EcoRéseau Business – The United Kingdom and its crises…

Estimated reading time: 2 minutes

Geoffrey Wetzel,
journalist-department manager

The death ofElizabeth II takes place in a context where Britain is facing several crises: political, economic and energy. Will the Kingdom’s association emerge unscathed?

In times of crisis, we tend to stick to benchmarks. Columns. Symbols. Queen Elizabeth II was one. The symbol of a kingdom, united by the one who celebrated her 70 years of reign – her platinum jubilee – in early June. United by her, whom the vast majority of Britons admired. Most of them had only known her on the throne. But since this Thursday, September 8, and the death of Her Most Gracious Majesty at the age of 96, the foundations of the kingdom have been shattered. When the British people needed it most.

Firstly, because Britain is experiencing one of the most violent political storms in its recent history.. In just six years, four Prime Ministers have settled in 10 Downing Street – David Cameron, Theresa May, Boris Johnson and most recently Liz Truss. All the more worrying when we look at how some have slammed the door. Boris Johnson, for example, was forced to resign after several political scandals. Partygate, an apartment renovated thanks to taxpayers, the appointment of Christopher Pincher, accused of sexual assault, who ” whip as Deputy Head of Parliamentary Discipline for Conservative MPs. In short, BoJo ends up giving way to Liz Truss…

… which will have to unite with the British, who have not forgotten the anti-monarchist image it once embodied. “We don’t believe people are born to rule. Abolish the monarchy, we’ve had enough », she proclaimed from the height of her 19 years. Another era. Liz Truss says she regrets it today.

Political crisis … and economic crisis. The British and their “angry strikes” are demanding higher wages. Money is often found at the root of social tensions. It must be said that with inflation estimated at +10% over the year in July – a 40-year high – the Kingdom’s population can no longer make ends meet. The BBC recalls that the price of bread and cereals rose by 12.4%. And the poorest households are the first to toast. At the same time, the pound is trading at around $1.16. That’s a loss of more than 15% over a year.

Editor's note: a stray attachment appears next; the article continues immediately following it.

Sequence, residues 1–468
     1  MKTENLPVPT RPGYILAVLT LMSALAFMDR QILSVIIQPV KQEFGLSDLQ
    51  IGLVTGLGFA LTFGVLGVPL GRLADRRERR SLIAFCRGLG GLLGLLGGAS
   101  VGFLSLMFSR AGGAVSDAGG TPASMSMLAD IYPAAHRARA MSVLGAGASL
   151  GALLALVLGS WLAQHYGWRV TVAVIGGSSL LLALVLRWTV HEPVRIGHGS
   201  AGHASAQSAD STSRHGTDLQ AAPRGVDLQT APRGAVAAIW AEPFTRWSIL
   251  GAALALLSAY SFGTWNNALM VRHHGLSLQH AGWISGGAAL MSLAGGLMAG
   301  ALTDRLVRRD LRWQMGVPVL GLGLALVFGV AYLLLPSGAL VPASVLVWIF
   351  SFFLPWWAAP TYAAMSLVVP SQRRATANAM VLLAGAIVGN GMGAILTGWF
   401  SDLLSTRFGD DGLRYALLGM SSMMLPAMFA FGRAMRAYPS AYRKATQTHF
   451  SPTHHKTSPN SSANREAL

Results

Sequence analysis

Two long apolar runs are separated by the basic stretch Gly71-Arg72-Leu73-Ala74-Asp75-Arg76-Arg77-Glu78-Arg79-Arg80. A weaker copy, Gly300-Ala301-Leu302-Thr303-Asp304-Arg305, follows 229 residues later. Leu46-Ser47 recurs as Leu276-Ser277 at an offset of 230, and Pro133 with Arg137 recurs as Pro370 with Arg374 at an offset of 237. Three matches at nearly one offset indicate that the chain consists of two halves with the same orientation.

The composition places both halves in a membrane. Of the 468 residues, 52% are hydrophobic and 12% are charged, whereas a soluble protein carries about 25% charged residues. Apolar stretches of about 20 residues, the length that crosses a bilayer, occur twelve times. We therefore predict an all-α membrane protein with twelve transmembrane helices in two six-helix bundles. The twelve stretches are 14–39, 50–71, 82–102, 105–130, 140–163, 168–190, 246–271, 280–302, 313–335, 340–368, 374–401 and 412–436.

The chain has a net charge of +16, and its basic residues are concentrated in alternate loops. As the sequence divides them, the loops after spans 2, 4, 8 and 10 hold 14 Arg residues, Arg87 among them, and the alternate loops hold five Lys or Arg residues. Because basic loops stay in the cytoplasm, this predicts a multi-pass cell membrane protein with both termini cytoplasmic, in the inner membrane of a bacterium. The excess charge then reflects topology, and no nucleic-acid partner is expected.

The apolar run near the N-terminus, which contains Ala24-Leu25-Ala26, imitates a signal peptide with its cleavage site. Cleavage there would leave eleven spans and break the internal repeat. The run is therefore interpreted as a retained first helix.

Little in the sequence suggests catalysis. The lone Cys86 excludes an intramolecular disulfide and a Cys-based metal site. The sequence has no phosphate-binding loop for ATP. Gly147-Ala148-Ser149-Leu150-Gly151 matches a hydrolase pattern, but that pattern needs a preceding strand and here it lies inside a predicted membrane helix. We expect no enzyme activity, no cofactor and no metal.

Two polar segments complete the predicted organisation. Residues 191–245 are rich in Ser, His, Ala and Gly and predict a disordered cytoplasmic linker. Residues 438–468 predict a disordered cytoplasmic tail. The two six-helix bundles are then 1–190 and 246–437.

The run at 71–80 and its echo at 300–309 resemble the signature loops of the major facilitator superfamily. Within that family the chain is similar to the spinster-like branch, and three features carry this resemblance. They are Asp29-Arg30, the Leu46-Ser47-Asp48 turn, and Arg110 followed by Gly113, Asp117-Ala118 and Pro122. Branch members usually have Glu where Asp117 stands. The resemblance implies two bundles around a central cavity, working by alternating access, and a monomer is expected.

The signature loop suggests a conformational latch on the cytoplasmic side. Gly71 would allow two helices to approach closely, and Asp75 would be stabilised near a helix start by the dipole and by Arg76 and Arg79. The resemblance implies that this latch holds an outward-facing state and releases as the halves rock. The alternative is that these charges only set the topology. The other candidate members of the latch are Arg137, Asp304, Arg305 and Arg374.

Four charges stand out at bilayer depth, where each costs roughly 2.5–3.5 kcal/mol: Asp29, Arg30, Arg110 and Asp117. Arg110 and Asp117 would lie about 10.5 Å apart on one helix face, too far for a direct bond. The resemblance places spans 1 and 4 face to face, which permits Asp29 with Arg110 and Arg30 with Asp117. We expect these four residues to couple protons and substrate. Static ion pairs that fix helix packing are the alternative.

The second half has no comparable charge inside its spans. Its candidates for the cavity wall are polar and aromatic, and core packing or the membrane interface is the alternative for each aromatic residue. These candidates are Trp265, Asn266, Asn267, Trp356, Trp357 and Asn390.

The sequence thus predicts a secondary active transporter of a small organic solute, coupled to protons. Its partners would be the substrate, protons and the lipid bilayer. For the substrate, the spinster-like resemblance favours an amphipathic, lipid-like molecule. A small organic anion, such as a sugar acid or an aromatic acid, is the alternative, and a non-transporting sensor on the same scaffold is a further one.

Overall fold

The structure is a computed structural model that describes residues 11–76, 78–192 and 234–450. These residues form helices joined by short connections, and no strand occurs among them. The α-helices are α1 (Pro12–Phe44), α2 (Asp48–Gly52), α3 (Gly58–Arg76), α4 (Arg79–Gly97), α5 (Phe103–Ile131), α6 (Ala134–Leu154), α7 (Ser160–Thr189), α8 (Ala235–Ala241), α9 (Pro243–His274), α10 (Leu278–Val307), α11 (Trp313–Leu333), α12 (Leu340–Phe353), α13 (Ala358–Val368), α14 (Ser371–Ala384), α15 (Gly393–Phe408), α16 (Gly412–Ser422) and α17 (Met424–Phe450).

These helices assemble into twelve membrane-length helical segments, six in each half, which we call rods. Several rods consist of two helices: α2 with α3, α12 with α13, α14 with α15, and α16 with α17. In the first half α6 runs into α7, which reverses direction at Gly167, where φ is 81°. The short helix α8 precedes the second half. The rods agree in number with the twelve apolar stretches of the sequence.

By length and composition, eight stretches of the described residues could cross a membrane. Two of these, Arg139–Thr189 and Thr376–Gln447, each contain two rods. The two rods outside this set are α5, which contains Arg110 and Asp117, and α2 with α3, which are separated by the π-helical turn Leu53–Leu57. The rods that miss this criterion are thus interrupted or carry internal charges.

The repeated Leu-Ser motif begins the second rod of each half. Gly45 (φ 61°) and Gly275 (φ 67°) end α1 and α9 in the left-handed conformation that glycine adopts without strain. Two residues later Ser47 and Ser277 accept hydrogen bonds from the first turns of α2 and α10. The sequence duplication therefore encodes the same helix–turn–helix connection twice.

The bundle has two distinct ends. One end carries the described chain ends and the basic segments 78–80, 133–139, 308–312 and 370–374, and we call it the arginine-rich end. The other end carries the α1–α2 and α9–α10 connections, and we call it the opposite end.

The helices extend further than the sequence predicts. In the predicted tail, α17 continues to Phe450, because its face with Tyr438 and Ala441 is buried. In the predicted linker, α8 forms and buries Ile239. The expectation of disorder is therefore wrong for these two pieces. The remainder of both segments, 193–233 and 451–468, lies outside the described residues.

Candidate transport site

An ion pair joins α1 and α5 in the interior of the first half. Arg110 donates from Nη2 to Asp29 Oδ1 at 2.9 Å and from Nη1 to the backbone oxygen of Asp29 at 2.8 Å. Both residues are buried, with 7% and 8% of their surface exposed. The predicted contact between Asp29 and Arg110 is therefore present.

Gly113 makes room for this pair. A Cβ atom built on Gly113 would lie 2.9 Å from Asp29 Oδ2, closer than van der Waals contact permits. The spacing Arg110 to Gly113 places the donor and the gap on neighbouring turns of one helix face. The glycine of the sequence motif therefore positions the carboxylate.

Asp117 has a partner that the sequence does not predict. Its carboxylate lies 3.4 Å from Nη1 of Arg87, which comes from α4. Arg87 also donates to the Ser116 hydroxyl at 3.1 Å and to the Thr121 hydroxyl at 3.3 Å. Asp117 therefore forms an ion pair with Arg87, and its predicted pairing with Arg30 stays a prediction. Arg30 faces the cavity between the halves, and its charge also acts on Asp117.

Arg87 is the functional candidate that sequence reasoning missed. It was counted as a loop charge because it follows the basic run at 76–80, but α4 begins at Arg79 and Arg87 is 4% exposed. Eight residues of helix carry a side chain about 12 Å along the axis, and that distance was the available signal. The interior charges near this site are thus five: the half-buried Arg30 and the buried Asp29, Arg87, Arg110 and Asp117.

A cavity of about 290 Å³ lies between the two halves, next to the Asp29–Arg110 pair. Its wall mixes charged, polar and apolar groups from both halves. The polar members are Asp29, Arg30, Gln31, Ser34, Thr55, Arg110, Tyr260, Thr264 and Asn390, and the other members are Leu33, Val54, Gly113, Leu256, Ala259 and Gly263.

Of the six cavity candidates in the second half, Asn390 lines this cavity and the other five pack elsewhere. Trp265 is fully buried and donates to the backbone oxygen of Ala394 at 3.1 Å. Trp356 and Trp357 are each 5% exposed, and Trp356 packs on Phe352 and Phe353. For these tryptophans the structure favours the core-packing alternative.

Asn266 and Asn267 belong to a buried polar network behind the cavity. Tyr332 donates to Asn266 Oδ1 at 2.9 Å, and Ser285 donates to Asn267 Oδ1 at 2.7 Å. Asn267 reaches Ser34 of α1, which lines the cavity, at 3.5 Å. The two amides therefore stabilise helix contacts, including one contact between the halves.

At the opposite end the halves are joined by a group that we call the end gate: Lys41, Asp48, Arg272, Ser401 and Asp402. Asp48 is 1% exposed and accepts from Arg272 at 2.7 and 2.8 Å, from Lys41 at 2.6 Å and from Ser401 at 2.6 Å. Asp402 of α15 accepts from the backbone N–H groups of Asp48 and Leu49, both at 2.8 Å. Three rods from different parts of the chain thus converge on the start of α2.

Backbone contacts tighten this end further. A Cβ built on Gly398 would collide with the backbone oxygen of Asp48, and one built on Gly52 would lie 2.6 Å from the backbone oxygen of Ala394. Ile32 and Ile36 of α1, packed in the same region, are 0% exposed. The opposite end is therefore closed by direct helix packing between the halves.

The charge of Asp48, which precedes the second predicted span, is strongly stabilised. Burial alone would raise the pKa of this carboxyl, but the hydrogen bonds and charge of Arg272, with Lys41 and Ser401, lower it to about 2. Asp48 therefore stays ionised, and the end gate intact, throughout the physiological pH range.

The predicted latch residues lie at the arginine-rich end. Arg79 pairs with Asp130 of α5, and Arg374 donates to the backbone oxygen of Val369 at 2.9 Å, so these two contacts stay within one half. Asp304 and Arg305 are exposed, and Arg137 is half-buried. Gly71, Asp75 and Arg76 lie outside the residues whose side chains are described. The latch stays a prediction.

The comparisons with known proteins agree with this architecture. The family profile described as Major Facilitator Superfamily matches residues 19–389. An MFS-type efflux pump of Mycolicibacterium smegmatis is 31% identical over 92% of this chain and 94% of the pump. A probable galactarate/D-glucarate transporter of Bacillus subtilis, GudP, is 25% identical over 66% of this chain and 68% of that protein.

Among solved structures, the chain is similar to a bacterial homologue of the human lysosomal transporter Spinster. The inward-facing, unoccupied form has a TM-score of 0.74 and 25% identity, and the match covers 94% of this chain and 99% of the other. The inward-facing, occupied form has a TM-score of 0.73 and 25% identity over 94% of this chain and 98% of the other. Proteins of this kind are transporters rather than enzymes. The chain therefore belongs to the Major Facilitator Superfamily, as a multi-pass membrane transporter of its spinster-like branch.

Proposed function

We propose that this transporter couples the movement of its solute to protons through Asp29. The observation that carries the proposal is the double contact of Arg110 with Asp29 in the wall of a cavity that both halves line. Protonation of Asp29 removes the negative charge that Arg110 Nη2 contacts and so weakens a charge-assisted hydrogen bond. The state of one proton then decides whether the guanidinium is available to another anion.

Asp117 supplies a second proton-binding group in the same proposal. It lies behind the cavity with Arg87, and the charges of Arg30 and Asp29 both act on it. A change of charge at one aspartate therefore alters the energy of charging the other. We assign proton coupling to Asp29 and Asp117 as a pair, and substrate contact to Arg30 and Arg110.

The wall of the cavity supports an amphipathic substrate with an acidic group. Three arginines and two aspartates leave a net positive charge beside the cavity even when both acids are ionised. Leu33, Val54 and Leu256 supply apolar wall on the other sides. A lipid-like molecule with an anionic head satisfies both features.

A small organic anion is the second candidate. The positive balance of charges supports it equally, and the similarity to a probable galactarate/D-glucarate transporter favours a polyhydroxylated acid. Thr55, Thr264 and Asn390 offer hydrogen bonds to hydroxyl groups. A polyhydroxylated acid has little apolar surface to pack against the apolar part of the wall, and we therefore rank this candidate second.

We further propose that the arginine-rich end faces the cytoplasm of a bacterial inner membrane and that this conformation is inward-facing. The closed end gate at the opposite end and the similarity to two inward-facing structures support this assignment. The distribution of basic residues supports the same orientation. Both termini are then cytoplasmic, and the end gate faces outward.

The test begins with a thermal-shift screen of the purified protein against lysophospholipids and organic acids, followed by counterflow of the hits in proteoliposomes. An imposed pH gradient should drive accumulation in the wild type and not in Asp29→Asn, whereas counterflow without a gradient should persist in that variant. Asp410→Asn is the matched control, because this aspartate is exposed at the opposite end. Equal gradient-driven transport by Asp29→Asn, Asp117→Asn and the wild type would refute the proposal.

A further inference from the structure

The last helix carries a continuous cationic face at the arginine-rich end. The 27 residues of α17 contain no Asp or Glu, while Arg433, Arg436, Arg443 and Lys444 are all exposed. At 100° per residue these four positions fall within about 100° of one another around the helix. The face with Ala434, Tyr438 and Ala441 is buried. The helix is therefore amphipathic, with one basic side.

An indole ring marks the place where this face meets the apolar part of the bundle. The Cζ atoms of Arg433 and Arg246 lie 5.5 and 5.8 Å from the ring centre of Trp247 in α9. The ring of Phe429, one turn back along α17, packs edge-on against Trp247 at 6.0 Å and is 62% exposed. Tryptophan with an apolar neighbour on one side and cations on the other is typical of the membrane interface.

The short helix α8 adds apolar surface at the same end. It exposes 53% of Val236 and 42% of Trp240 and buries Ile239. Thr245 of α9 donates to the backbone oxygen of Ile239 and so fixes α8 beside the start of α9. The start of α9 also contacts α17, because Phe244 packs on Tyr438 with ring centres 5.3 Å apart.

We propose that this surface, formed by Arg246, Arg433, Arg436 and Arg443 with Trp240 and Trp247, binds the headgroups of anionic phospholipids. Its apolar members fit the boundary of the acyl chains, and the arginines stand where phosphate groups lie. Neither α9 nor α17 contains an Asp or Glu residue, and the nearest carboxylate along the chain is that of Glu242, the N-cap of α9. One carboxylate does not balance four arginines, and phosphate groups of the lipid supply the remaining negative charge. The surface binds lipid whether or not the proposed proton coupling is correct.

Britain dreads winter. Because he knows it, he is paying for his heavy reliance on Russian gas supplies. The result: an 80% jump in regulated electricity prices… per month and per household! For the poorest across the channel, energy sobriety (which is constantly being hammered home in France) is being imposed on them – for some they no longer want to heat themselves!

Then the British government comes to the aid of an invisible hand in resignation. Mr. Smith, liberalism has its limits. Liz Truss announces a massive rescue plan : from October, household energy bills should not exceed an average of £2,500 per year – that is €2,882. This remains high, but these bills could rise to £3,500 a year from the autumn. We do not invent a welfare state overnight. The European Union is working to protect its most vulnerable households: “We will propose a series of immediate measures that will protect vulnerable consumers and businesses and help them adapt”, explains the president of the European Commission, Ursula von der Leyen. This European solidarity, effective or notde facto excludes Britain, which has taken the Brexit route, from its action plan.

Last but not least, a cohesion crisis. Because behind so many vulnerabilities, it is Scotland that could once again instill its desire for independence So what next for the UK?

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